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Exiles of the New York Times
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Author Topic: Movies  (Read 33714 times)
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barton
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« Reply #4395 on: June 17, 2008, 09:54:52 AM »

I was in a Target the other day, looking for sneakers (note:  Target sucks in the shoe dept.), and noticed some of the older DVD titles were marked down to $5 -- IOW you could buy them as cheap as rental. 

Curious as to what sort of stuff on the plastic disk will go bad in two days.  DVDs are not biodegradable, so I wonder if it's some code that tells the player to stop reading the data after two days.  I'm sure some smart 12 year old will figure out how to override that.


 
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harrie
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« Reply #4396 on: June 17, 2008, 03:10:01 PM »

I was in a Target the other day, looking for sneakers (note:  Target sucks in the shoe dept.), and noticed some of the older DVD titles were marked down to $5 -- IOW you could buy them as cheap as rental. 

Yeah, I know those bins well -- the Stop & Shop does the same thing sometimes; I've bought some really rank movies for a buck that way.  I was just surprised at STAPLES  1) having movies available; and 2) having semi-current  releases available.
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jbottle
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« Reply #4397 on: June 18, 2008, 01:43:25 PM »

"Hulk" had a nice weekend, wish I had bought some Marvel Entertainment in Jan/Feb but I didn't see the whole Marvel Universe thing coming, wonder if it will have "legs," the way the Ang Lee version notoriously did not, that whole precipitous fall thing, etc.  But anyway, I missed the move in MVL.
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oilcanboyd23
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« Reply #4398 on: June 18, 2008, 04:33:40 PM »

I liked "The Incredible Hulk", a lot more than I did "Iron Man".   It was funny, and I liked how all the exposition re: how he became the Hulk is done during the opening credits, so that when the movie proper starts, Ed Norton is already on the run and the story is already in motion.

The fight scene at the end with the juiced-up Tim Roth is way too long and boring, but the first hour held my interest.  If you can make it through the grand-finale (endless) fight scene, the 2 minutes of postscript (or denouement) or whatever is great.
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harrie
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« Reply #4399 on: June 18, 2008, 06:21:42 PM »

I screwed up big time today and didn't realize they had some non-dinosaurs at Celebrity Day for the golf tournament.  Should have called in sick -- Luke Wilson is one of the non-dinosaurs, plus Joe Pesci and some others were there.  (jbottle could have come up and hassled Bill Belichick (sp?) in person.) 

But I did see Hairspray, the musical.  Though I love the John Waters version and still prefer it, the musical wasn't all that bad.  It got a little hokey toward the end, but that happens; and especially since this was a film of the musical play, I kind of expected stuff that wasn't in the original.  I've never liked Michelle Pfeiffer much, but she was campily evil and hit the right notes, IMO (character notes, though she did sing, too); and John Travolta wasn't half as unbearable as I expected. It was kinda fun in a totally surprising way. But I still wish I'd played hookey.
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barton
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« Reply #4400 on: June 19, 2008, 10:05:09 AM »

Anyone watch the AFI Ten Top Ten the other night?  As usual, some rankings mystified -- like "The Seachers" number one in westerns over films like High Noon or Unforgiven.  On the whole, though, it did present a list of 100 films you probably should see if you're into the whole film thing.  Also puzzled by Planet of the Apes missing from the SF list, Thin Red Line missing from the war movie list, Dr. Zhivago from the epics, and a couple others.  But we're talking about lists of 10 per category, so you have lots of ties I'm sure, where one has to be dumped.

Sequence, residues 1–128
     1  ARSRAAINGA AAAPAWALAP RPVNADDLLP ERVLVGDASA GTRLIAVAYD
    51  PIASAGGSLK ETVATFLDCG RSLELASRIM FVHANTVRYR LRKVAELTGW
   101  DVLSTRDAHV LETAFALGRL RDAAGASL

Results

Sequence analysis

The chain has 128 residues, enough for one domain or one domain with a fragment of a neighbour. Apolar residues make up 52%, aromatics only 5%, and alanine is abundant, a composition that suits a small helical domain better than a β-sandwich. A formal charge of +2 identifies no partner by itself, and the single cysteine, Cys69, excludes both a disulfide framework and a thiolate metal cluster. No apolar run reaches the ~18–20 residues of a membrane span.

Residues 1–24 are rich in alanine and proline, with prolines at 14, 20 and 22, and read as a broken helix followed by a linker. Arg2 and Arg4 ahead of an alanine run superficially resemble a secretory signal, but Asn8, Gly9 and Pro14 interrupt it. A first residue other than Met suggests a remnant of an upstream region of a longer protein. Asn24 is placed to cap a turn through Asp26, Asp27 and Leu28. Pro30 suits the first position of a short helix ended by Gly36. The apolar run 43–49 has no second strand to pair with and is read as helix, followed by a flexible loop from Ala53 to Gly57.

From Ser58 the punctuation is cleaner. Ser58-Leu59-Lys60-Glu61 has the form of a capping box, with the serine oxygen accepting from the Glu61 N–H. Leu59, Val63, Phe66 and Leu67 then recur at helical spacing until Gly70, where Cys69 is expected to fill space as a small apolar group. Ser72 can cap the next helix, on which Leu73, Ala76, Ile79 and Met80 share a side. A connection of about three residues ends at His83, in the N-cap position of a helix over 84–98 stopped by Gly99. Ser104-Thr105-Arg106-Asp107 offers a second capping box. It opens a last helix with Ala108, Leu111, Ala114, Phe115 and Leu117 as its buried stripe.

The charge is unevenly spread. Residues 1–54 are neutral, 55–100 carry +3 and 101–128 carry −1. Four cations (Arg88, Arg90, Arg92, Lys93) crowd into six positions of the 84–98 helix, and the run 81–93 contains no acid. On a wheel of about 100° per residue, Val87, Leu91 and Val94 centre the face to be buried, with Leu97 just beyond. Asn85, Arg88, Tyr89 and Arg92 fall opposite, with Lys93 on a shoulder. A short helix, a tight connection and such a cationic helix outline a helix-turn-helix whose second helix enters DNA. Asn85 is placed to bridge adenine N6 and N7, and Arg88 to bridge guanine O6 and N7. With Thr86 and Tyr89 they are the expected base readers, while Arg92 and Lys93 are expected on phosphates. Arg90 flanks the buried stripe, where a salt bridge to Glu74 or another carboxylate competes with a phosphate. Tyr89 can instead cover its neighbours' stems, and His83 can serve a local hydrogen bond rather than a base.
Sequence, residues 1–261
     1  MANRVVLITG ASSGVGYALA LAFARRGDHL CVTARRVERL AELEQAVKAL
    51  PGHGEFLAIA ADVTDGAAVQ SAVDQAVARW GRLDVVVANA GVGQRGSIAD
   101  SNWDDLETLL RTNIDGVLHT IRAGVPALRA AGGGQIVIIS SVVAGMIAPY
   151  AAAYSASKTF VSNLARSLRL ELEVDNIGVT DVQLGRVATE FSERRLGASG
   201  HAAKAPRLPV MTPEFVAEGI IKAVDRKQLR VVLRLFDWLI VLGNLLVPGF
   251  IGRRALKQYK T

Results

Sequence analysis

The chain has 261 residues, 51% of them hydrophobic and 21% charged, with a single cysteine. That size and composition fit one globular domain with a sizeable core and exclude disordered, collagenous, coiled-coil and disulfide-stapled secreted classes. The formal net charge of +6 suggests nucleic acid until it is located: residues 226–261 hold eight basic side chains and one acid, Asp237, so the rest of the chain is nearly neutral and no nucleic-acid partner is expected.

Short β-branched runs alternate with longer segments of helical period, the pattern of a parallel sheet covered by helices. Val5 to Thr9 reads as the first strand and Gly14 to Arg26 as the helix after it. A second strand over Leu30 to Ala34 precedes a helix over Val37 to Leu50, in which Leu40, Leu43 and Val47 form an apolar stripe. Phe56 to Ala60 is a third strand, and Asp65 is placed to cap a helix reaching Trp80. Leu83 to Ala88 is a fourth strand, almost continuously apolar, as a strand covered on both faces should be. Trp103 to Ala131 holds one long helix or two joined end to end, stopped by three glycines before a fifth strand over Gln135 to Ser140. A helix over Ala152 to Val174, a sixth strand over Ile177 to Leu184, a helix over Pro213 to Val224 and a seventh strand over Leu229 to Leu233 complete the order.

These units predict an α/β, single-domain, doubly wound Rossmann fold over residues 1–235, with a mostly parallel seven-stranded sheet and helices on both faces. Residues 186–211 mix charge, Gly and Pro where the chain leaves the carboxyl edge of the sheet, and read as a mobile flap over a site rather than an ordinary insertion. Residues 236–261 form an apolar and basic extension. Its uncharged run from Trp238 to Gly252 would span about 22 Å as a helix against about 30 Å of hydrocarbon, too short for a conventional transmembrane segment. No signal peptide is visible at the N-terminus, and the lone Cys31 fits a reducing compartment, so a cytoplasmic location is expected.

Hairspray -- "musical wasn't all that bad" -- my impression, too.  It was fun, and Chris Walken dances. 



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Dzimas
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« Reply #4401 on: June 19, 2008, 10:29:09 AM »

I don't know, but Dr. Zhivago has to go down as one of the worst adaptations of a great novel of all time.  The movie is absolutely painful to watch.  But, I agree about The Searchers, it is good, but not so good as to be ranked above movies like The Good, The Bad and the Ugly, Once Upon a Time in the West, Pat Garrett and Billy the Kid, Dead Man and The Unforgiven.  But then I have a preference for revisionist Westerns.
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harrie
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« Reply #4402 on: June 19, 2008, 11:22:06 AM »

Gotta ask....Do you mean The Unforgiven, starring Burt Lancaster, Audrey Hepburn and Audie Murphy, or Clint Eastwood's Unforgiven?   I've seen The Unforgiven, and it's not all that great, IMHO of course.

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harrie
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« Reply #4403 on: June 19, 2008, 11:42:56 AM »

Okay, I looked and it's Unforgiven, so never mind.   

But I have a hard time feeling the love for The Searchers -- most of the film is spent with Wayne planning to kill Natalie Wood since she's been ruined by them savages (the movie's point of view, not mine).   Granted, I've only seen it once, so maybe I'm missing an ironic subtext or something.  With this ranking, I'm sure it will show up soon, so maybe I'll give it another look. At least it'll be pretty, some of those shots are amazing, IIRC. 

I agree with a bunch of the AFI choices, but some I could do without.  In romantic comedies, I'd pull Moonstruck - I think I'm the only person who really hates that film -- and substitute The Apartment, or even Sabrina, or one of a handful of '30-'40s flicks (Barbara Stanwyck, anyone?  His Girl Friday?  The Thin Man?).  And I might substitute Desk Set for Adam's Rib.

I'm not big on the sci-fi, but I'd pick The Terminator over T2, but that's just me.  And compared to the other epics, I don't see Schindler's List as one -- I like the movie, but I think of epics as big, sweeping, larger than life productions.  Agree that Dr. Zhivago isn't the greatest movie when judged on pacing alone, but it puts me in full swoon pretty quickly so it does something right. IMO of course.  And that music .... I'm headed for a swoon just thinking about it.